Expensive than drum brakes: The manufacturing cost of a disc brake is high compared to a drum brake setup. Hence, it also increases the overall price of a vehicle.
Brake bleeding is necessary: Air in the hydraulic fluid (master cylinder) can be a disaster as it can cause a complete brake failure. So, bleeding of brakes is mandatory during the service of brakes.
Maintenance of brake fluid: You need to change the brake fluid at regular intervals. Failing to do so will result in poor braking performance.
Easy to lock up the wheels: Without ABS, it's easy to lock up your car's wheels if you are aggressive on the brake pedal. It may result in you losing control of the vehicle.
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To answer this question, let’s put it this way. Both the drum and disc brake systems are not perfect, and they have their own set of advantages. So, the combination of the disc (at the front) and drum (at the rear) is an ideal braking setup. That’s the reason why most modern cars come with disc and drum brakes.
Typically, 60-90% of the car’s braking power comes from the front brakes, and disc brakes are more than enough for that purpose. Hence, drum brakes are adequate for the rear wheels. Cost is another factor that’s in favour of this mixed braking system. Disc brakes on all four wheels would substantially ramp up the price of a vehicle. So, the combination of drum and disc brakes works the best for a car intended for commuting.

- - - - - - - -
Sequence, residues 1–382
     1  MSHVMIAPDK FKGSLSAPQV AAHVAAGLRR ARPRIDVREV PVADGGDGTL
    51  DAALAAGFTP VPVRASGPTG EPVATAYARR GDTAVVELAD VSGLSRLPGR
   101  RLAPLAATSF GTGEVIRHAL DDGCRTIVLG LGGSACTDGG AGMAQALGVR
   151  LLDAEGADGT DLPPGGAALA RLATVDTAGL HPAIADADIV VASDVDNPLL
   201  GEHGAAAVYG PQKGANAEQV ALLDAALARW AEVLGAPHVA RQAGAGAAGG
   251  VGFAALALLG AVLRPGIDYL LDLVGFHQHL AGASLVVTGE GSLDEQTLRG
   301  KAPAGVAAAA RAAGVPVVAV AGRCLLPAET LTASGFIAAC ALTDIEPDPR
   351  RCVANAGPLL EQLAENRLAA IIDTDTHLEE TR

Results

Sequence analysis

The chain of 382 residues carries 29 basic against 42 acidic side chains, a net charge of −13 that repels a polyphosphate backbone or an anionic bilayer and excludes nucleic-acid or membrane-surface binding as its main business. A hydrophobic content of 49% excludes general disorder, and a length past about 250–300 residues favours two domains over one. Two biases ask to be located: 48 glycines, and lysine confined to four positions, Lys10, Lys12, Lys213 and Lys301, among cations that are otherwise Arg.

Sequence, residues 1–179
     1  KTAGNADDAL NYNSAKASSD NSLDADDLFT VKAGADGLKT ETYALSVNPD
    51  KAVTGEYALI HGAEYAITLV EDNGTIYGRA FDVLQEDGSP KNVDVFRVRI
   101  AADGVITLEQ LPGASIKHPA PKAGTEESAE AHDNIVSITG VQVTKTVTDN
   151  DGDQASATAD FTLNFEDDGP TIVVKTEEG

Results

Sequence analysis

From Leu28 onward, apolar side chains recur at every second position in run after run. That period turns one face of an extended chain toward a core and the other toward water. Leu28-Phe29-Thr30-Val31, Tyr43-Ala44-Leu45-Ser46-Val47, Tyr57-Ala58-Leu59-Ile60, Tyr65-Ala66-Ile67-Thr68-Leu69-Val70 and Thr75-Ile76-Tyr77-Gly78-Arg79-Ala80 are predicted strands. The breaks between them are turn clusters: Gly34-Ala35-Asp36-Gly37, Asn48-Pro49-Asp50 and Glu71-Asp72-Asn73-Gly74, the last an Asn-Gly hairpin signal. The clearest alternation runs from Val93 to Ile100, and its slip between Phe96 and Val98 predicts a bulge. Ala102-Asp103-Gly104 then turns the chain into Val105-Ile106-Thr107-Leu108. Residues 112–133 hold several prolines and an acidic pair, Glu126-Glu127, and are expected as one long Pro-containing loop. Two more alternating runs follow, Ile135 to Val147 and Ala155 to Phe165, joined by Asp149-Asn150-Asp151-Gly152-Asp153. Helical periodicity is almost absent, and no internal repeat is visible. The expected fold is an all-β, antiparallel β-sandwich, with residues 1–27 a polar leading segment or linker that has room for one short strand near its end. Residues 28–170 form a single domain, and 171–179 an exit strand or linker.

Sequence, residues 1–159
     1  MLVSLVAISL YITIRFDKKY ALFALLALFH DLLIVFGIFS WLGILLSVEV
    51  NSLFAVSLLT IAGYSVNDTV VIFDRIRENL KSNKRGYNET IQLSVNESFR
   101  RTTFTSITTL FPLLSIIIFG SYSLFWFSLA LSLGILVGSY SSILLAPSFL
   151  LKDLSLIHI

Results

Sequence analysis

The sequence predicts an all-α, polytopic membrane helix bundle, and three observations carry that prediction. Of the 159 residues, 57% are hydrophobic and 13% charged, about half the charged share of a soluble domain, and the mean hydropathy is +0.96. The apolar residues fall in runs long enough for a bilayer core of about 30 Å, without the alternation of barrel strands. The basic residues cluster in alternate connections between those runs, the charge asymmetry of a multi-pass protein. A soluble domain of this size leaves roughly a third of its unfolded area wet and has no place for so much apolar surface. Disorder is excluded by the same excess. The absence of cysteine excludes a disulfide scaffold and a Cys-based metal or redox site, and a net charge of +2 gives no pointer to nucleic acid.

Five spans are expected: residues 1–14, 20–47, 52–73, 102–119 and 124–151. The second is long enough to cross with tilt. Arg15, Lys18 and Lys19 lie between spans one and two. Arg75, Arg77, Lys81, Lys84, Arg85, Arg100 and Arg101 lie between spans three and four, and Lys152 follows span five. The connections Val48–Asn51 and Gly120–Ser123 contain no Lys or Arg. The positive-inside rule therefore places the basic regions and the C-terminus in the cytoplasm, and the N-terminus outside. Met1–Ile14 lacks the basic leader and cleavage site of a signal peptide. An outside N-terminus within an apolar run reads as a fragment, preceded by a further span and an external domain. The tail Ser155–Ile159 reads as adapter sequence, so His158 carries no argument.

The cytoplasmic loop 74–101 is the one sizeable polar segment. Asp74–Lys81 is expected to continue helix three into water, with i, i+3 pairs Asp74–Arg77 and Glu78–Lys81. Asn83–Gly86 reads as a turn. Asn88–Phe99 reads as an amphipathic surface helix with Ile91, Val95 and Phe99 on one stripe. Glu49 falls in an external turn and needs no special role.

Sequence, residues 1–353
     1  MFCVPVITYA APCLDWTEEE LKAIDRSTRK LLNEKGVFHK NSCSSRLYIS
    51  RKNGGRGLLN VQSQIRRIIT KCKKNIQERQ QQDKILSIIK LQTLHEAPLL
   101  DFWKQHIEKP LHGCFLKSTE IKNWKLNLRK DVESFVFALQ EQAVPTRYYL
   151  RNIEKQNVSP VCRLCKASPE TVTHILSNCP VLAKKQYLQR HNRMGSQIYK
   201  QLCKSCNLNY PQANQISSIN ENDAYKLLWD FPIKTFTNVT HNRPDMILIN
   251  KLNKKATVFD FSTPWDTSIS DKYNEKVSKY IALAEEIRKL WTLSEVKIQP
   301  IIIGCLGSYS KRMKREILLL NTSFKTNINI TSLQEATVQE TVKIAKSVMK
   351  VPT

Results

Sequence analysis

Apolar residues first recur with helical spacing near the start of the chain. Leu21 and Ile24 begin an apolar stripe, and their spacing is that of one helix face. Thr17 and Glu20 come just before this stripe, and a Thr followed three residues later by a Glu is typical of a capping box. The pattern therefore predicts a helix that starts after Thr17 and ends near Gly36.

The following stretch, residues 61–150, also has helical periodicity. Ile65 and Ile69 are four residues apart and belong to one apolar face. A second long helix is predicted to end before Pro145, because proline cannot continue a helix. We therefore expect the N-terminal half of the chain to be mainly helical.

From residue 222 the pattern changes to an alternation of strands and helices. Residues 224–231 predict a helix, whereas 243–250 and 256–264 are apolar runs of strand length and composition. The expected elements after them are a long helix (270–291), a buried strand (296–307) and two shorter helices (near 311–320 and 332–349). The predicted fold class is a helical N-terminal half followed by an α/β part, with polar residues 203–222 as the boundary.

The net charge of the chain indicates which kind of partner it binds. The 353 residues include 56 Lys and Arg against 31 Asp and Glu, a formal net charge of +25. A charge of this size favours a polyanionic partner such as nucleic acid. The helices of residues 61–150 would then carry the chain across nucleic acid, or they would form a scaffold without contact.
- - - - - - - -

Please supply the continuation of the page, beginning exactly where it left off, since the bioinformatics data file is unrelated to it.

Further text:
Here are some of the most frequently asked questions related to drum brakes vs disc brakes.
Car manufacturers generally use drum brakes on the rear wheels of most entry-level and mid-range cars. The reason is to keep the overall cost of the vehicle in check. Moreover, for the performance of a regular car, a drum brake is more than capable of serving the purpose, that is, providing adequate braking.Do disc brakes offer better braking performance than drum brakes?
Yes, disc brakes offer way better braking power than drum brakes. That’s the reason why most cars are equipped with disc brakes on the front wheels.Is it difficult to change the brake shoes of a drum brake?
Yes, it is a complex job to change the brake shoes of a drum brake. Since all the components are enclosed inside the drum, it is hard to access the parts and replace them.